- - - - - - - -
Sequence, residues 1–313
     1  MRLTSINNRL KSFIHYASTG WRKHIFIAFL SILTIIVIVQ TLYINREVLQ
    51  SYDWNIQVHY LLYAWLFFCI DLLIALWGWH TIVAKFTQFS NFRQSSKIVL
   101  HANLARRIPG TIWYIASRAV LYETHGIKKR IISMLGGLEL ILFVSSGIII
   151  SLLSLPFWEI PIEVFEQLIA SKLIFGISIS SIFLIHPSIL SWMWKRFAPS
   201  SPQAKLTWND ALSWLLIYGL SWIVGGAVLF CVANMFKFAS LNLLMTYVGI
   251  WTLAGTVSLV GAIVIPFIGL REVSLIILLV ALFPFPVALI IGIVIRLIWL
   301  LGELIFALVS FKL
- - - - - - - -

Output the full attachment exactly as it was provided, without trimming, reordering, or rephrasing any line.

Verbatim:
Sequence, residues 1–313
     1  MRLTSINNRL KSFIHYASTG WRKHIFIAFL SILTIIVIVQ TLYINREVLQ
    51  SYDWNIQVHY LLYAWLFFCI DLLIALWGWH TIVAKFTQFS NFRQSSKIVL
   101  HANLARRIPG TIWYIASRAV LYETHGIKKR IISMLGGLEL ILFVSSGIII
   151  SLLSLPFWEI PIEVFEQLIA SKLIFGISIS SIFLIHPSIL SWMWKRFAPS
   201  SPQAKLTWND ALSWLLIYGL SWIVGGAVLF CVANMFKFAS LNLLMTYVGI
   251  WTLAGTVSLV GAIVIPFIGL REVSLIILLV ALFPFPVALI IGIVIRLIWL
   301  LGELIFALVS FKL